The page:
Broader approaches will fare a little better. Interventions such as a universal basic income grant will not provide basic economic security to individuals and households as proclaimed by their proponents. That is unless they cover all the basics households require — in other words, unless they pay the equivalent of a living wage to all who require it. But this is well beyond the reach of what the government can do. It does not have that kind of money.
Poverty is an intractable problem that clever calculations cannot solve. Arithmetic and money won’t fix the situation.
Government’s limits and alternatives
No matter the sincerity of the initiatives undertaken, the broadness of the policies adopted, or the quantities of money spent, the government does not have the answers to make this crisis go away. None of the measures at its disposal can bring real solutions that will last. And as long as this is the case, people will be forced to struggle to survive, one way or another. Poverty will continue to engulf the millions and remain lingering on the doorstep of many others.
The politics of the government is first and foremost to protect the interests of the capitalist class. The government, which is responsible for upholding the Constitution and is bound by it, cannot venture too far beyond the laws of private property and profits the Constitution enshrines, even in times of emergency. And so it cannot take control of the means necessary to bring solutions. It will not take control of the wealth and redistribute it on the basis of need — an action that is necessary to deal with the crisis faced by the millions.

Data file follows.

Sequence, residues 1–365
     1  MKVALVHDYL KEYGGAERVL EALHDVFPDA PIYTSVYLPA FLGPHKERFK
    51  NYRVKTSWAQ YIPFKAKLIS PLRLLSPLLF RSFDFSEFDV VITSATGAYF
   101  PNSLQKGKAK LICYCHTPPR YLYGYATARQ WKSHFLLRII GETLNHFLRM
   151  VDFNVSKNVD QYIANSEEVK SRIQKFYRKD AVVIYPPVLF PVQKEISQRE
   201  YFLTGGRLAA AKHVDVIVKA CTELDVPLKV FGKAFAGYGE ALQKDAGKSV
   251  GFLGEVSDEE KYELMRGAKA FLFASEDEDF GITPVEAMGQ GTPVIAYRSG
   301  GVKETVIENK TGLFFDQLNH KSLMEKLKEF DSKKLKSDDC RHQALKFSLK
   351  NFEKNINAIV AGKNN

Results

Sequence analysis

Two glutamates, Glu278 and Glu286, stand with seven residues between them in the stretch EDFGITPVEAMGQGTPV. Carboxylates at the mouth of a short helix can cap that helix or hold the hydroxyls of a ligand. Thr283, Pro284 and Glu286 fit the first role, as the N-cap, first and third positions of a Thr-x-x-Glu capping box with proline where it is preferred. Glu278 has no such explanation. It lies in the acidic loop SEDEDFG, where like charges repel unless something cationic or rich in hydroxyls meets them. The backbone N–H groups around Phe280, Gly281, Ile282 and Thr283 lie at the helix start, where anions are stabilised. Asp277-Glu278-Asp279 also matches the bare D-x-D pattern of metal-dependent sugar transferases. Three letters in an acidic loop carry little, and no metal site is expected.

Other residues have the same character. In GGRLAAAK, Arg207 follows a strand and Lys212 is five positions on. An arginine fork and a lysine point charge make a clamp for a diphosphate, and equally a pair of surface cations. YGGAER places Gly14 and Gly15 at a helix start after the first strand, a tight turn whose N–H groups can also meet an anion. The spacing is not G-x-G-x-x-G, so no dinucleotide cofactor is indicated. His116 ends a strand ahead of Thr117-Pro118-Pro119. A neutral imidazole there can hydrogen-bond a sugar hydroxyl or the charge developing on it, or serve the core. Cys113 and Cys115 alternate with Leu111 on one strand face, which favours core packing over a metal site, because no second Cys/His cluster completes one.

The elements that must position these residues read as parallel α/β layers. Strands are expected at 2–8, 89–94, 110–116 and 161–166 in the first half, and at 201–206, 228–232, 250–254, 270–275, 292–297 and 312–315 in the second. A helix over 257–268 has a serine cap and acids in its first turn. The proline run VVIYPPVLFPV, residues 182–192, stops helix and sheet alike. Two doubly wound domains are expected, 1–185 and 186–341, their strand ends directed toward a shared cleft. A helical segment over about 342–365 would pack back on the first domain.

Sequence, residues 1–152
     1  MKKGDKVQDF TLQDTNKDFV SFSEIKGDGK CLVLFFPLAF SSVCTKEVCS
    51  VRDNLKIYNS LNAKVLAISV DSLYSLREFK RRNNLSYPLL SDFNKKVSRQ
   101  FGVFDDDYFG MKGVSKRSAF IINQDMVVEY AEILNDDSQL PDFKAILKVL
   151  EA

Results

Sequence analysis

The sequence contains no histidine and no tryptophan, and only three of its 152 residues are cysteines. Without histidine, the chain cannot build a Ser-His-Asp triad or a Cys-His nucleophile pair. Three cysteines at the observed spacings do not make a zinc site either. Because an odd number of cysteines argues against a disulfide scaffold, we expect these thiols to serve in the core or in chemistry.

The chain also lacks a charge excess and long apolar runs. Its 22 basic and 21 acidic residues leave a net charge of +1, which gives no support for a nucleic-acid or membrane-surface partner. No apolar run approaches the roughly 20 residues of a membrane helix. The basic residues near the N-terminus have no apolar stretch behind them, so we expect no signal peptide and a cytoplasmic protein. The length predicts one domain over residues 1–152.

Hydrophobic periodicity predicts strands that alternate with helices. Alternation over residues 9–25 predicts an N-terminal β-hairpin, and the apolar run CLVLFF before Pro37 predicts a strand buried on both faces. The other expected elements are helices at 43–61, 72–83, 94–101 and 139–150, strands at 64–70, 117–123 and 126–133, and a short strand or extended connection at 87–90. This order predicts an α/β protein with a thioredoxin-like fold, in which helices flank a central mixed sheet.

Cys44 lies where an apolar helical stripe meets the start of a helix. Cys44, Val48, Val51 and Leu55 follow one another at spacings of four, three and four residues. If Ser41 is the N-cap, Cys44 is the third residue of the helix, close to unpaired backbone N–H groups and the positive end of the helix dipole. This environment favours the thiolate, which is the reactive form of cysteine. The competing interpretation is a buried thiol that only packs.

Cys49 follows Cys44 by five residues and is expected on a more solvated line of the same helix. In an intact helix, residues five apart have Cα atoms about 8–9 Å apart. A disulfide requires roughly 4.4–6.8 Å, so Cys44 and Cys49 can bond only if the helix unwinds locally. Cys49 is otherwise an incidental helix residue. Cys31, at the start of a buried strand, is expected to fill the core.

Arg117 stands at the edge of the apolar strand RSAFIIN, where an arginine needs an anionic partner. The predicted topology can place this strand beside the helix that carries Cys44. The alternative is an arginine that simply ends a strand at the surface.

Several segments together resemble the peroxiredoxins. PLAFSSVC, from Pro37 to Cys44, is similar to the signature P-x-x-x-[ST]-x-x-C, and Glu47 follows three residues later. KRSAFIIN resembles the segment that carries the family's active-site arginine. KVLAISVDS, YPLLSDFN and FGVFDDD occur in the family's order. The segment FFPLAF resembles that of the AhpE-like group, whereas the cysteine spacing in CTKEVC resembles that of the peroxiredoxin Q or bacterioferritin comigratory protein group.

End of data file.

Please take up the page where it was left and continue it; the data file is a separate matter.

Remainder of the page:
This is the real issue here. That any real alternatives or solutions to the crisis of everyday life cannot come from a capitalist government. More is necessary. It is necessary to start pushing the government to do what it would otherwise not do. The focus is already shifted elsewhere, it is about those doing the pushing, those fighting for a different future. And it matters how this is done — with what kind of politics and to what end.
Socialism is not just a good idea, it is a basic requirement for the masses. It is a basic necessity. It is a real answer to the totalising problems faced by the millions.
It is a vision of an alternative future, fundamentally different from the current barbaric conditions created by capitalism. It is based on planned production and distribution according to what people need (not driven by profits and the anarchy of the free market). And it requires that the ownership and control of these resources be socialised (not reside in private hands).
Only a workers’ government that upholds working class politics and prioritises meeting the needs of the working class can solve the totalising crisis of everyday life that millions and billions of people are forced to endure today.